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“I feel sad that there are no activities at the place,” he says. “I have spent all my life here.”

But where many might see a dusty conference center, Coptic Catholic Bishop Botros Fahim of Minya sees opportunity.

In his vision, the future of the Coptic Catholic Church begins with youth formation. The bishop believes that Salama Nashed Center is the best place to continue this mission — a site for education, training and community-building activities, much as those it once hosted.

Originally a hotel, the building’s previous owner was a Coptic lawyer named Salama Nashed. He donated it to the Catholic Church in the beginning of the 1980’s. As a sign of gratitude, the center was named after him.

In the years after, it was constantly busy with conferences and seminars.

After his own ordination in the 1980’s, Bishop Botros spent five

years organizing seminars and conferences in the center — especially during the busy summer months, when the center would host retreats and longer seminars.

“This house was part of my life,” Bishop Botros says.

In the years since his work there, it slowly deteriorated and fell out of use. Amid the political upheaval of 2011, it briefly ceased to operate altogether — and then again after terrorists staged a major attack on a bus transporting Copts in Minya in 2017, killing dozens.

When he was named bishop, he went to visit the center. When he saw its decrepit condition, he could not hold back his tears.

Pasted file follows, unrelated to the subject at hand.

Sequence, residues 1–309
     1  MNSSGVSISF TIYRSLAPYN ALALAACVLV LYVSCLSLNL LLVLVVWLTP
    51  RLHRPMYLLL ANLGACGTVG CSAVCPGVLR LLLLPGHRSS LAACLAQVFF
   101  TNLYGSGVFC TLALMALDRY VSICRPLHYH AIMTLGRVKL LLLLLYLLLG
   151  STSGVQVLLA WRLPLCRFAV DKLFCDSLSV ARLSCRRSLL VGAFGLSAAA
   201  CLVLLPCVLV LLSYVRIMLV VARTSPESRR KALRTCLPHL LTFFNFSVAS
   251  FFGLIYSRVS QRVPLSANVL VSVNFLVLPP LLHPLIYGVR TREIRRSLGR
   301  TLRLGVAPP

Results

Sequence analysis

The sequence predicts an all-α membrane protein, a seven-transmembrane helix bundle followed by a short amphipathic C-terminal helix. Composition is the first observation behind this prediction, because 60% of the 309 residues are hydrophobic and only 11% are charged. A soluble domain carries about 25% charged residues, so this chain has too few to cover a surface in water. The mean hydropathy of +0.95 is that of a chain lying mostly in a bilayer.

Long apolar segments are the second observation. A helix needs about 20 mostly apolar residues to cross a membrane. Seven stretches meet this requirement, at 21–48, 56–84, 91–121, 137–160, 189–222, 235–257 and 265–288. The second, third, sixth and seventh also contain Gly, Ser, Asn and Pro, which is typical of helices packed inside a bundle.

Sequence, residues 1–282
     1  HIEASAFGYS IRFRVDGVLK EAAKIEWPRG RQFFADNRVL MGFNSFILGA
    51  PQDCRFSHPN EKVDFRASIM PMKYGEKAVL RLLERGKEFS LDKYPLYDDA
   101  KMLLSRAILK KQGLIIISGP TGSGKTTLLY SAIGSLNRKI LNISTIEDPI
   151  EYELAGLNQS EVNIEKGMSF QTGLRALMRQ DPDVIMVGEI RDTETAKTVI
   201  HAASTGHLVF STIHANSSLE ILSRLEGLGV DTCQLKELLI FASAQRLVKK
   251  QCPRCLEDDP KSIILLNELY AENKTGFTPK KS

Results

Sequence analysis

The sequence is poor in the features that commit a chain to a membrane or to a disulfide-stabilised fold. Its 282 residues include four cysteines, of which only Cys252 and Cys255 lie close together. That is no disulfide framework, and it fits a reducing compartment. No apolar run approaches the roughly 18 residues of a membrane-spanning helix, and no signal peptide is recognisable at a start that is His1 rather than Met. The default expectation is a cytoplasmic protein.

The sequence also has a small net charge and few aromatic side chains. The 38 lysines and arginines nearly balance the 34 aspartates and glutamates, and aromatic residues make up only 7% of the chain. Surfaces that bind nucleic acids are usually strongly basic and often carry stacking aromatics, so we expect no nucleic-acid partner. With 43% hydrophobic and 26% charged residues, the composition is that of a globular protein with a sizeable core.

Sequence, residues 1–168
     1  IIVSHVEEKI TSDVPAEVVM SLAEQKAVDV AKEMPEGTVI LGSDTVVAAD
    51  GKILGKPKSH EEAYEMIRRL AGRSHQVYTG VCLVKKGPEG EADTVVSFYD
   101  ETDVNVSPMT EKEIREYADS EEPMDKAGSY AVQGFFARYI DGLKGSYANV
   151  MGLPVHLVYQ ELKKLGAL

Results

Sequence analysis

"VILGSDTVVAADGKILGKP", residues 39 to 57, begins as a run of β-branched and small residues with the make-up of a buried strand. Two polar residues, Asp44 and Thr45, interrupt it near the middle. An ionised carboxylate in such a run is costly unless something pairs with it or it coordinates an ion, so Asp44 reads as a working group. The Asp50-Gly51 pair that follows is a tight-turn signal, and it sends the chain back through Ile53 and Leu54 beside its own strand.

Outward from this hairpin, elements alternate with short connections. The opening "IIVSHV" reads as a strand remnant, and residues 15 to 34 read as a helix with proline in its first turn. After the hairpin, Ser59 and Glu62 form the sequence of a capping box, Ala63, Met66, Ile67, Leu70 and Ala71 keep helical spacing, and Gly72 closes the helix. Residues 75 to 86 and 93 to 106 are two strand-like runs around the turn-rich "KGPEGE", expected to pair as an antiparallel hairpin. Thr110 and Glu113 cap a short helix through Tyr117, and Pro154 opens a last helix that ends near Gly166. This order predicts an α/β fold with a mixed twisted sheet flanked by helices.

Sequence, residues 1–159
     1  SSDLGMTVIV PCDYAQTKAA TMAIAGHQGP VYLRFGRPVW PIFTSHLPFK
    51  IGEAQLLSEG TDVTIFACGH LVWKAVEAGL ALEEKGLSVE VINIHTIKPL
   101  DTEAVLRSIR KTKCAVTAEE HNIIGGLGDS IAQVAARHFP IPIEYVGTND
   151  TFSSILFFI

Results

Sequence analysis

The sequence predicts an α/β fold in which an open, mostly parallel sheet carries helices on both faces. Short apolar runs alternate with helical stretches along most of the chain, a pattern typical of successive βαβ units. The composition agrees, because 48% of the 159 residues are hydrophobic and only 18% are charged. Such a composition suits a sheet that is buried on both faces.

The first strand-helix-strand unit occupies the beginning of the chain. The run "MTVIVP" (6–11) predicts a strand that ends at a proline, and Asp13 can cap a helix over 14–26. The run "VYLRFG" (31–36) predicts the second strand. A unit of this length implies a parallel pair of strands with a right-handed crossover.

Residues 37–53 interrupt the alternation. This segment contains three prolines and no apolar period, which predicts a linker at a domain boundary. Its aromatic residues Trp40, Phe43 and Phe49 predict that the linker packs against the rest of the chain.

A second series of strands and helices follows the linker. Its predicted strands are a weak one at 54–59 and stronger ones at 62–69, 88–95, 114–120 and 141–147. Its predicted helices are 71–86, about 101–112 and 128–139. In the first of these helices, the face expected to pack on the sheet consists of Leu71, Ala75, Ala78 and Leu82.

“Most of the events are usually held in the summer, and as you can see there is no air conditioning,” says Marco Eisa, 27, the manager of the center. “That makes it very difficult to host such numbers in the summer.”

He walks through the conference halls, taking stock of the work ahead. “There is no sound system; the kitchen is not equipped; we have too few blankets.” Only one of the three halls, which can accommodate 200 guests, is currently usable.

Bishop Botros began renovating the center about a year and a half ago with what resources he could allocate. Restoration has come a long way — the bedrooms are more comfortable, and the bathrooms function.

But much work remains to restore the luster he so fondly remembers.

“A lot of people met each other and became friends at this place,” he says. Soon, he knows, it will serve a new generation in the same way.

And the hope that has already taken root will continue to grow.

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Based in Cairo, Magdy Samaan is a Middle East correspondent for the The Telegraph. His work has appeared in Foreign Policy and a number of other journals.

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